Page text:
September 11, 2012
Visiting the 9/11 Memorial in Lower Manhattan
All photos by Paul Clemence Last weekend I went to check out the new World Trade Center; I’ve been following its rise from my window in Brooklyn. I was prepared to deal with hoards of sightseers and extra-tight security, this being the weekend before the 9/11 anniversary. Though curious to see the National 9/11 Memorial, […]
All photos by Paul Clemence
Last weekend I went to check out the new World Trade Center; I’ve been following its rise from my window in Brooklyn. I was prepared to deal with hoards of sightseers and extra-tight security, this being the weekend before the 9/11 anniversary. Though curious to see the National 9/11 Memorial, I had not had a chance to do the required online application for tickets, so I was resigned to catch glimpses of it from the outside. But that was not the case.
After taking a few shots of the Freedom Tower, which seemed to show little external progress from last year, I tried to peek inside, unsuccessfully. Other than distant views from the World Financial Center, the memorial site is very much screened off. So I attempted to flash my press credentials to get in. I was told that a few blocks away, at the 9/11 Visitor Center, they give away tickets for same day visits. With my ticket in hand I was ready to go in. And after breezing through an airport-style security system (much more efficient and polite than the usual TSA routine), I found myself entering the park that surrounds the twin waterfalls.
The sound of the falling water was what first struck me. Its full, intense crash surrounds you at once, as if you’re in a “sound tank”, creating a sense of being here alone, in spite of being in the midst of hundreds of people. People are everywhere, some right next to you, but the sound of massive quantities of water falling down mutes the chatter and creates a very personal experience. Whether this aspect of the design was intended or not I am not sure, but I found it successful and appropriate for the atmosphere this place requires. Upon entering the tree-covered plaza, you’re immediately drawn to the pools, every bit as impressive as I had imagined them to be from the renderings I’d seen. Their scale in person is even larger than I expected, or maybe it’s the waterfall sounds that dramatize their scale.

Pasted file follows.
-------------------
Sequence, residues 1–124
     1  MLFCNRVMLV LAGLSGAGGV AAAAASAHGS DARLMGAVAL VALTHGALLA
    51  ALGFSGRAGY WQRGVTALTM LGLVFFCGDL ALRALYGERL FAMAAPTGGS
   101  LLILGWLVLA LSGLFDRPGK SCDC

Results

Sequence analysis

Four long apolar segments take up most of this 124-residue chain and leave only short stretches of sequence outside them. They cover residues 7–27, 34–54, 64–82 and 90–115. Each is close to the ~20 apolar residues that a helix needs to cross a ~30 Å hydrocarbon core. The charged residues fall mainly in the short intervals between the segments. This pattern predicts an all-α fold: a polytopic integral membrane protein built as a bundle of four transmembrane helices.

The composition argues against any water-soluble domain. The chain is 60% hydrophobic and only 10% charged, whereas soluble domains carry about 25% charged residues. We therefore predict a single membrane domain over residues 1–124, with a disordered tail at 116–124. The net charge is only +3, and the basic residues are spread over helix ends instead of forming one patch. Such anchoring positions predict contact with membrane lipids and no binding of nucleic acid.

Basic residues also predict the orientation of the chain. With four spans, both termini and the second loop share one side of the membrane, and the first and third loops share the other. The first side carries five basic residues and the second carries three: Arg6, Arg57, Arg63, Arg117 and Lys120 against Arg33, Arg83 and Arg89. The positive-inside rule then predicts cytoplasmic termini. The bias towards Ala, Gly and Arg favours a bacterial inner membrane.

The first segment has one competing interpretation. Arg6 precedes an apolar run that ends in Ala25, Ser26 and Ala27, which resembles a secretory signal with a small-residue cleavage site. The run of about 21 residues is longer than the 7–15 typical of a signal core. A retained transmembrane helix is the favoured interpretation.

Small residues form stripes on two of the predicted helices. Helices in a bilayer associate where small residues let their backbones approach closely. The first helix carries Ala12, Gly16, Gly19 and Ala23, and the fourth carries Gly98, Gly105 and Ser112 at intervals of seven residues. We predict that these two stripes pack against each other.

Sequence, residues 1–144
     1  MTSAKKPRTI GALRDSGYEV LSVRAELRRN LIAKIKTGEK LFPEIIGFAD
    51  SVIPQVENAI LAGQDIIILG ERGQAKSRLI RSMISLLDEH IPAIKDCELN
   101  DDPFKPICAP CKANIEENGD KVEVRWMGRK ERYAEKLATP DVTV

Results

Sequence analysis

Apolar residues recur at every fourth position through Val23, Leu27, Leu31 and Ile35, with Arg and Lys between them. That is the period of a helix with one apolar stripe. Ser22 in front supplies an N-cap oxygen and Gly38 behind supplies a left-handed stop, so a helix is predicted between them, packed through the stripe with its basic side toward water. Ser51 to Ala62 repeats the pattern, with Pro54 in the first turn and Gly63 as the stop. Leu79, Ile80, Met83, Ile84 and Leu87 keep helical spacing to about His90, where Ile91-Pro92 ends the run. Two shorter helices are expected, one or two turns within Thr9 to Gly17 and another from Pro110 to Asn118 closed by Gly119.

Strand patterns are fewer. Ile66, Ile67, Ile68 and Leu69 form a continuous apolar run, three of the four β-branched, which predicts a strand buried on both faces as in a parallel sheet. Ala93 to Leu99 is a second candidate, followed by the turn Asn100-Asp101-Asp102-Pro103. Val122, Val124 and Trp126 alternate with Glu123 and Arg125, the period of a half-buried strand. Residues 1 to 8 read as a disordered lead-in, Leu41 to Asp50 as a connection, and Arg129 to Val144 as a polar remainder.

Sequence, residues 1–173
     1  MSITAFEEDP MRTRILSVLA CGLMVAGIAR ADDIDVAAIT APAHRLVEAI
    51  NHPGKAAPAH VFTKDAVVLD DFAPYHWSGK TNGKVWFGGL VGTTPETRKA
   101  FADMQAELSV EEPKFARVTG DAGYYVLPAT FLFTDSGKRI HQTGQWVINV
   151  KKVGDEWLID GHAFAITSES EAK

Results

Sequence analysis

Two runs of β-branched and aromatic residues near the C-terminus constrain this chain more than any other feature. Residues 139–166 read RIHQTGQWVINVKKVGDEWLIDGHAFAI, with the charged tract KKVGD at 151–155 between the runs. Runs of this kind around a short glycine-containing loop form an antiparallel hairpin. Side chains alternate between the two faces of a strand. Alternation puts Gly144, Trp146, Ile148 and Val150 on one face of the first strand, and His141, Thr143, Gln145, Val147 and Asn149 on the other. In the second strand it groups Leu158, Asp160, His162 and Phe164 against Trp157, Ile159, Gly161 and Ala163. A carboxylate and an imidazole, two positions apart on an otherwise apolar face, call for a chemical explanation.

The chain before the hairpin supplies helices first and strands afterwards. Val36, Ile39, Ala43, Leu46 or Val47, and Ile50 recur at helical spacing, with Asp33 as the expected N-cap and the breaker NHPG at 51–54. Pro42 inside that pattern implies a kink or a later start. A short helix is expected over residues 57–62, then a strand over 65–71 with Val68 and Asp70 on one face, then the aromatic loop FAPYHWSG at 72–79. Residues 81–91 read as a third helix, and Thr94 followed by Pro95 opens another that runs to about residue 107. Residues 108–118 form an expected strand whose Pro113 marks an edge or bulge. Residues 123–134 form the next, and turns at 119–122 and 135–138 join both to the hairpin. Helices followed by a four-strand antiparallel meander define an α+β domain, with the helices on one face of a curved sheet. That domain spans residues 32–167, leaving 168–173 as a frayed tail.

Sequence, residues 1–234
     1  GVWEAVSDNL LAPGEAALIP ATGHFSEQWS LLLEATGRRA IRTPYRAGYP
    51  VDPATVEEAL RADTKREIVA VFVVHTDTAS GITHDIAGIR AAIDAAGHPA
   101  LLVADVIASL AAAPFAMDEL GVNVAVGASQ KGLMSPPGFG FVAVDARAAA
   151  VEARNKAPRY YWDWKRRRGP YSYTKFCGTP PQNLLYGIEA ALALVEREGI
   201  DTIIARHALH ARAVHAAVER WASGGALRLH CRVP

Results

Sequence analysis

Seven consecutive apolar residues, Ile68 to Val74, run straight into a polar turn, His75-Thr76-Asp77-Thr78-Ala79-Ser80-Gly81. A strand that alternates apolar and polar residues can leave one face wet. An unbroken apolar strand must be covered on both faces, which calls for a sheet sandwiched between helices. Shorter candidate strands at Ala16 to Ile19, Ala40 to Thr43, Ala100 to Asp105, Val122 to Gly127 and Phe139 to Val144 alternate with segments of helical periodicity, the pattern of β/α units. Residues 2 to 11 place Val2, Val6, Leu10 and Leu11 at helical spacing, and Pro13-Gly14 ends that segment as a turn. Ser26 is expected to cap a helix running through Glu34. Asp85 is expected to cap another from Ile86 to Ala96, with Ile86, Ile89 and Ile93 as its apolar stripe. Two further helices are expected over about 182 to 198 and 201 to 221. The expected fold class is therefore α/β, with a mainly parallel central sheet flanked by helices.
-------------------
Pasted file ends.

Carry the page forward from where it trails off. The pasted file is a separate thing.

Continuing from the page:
The emptiness of the vast excavated space speaks of loss (with the central, darker square recess adding a layer of mystery). But the masterful use of water lightens the moment and gives the place an uplifting, poetic quality. The square pools are about one acre in size and the massive water falls that cover their surrounding walls drop 30 feet and create a reflecting pool that slowly runs to the center, where it disappears into the smaller square. The wavy liquid surface reflects the sun and plays against the stark geometry of the granite cladding, bathing the solemn feeling in lightness.
Another very smart decision, placing the pools in the footprints of the twin towers, makes the buildings’ missing presence very clear and direct. I stand where once the two major structures reached to the skies, where thousands worked and visited going about their lives, but now what I see is nothingness. The design is a dramatic reminder of the all that happened high above as we gaze down into the void, poignant and beautiful.
There have been many changes from the original design by Michael Arad and Peter Walker. This, of course, is usual in large-scale projects that involve many interests. And there’s been some controversy, of course, centered on cost over-runs and funding disputes. But the essence of the original design is still there. It is strong and effective. The memorial merges design and art and makes the connection between the vacuous absence brought by the events of that day, 11 years ago today, and the here and now. The continuous flow of life, the celebrating the lost ones and the inspiration to go forward—just like a memorial is supposed to do.
Paul Clemence is an award-winning photographer whose work is part of many collections, including the Mies van der Rohe Archives and housed by MoMA, New York. He exhibits both in the U.S. and on the international fine art circuit, from classic B & W prints to large scale photo installations. A published author, his work can also be seen in major design and lifestyle publications. His “Architecture Photography” Facebook page receives over half a million hits monthly.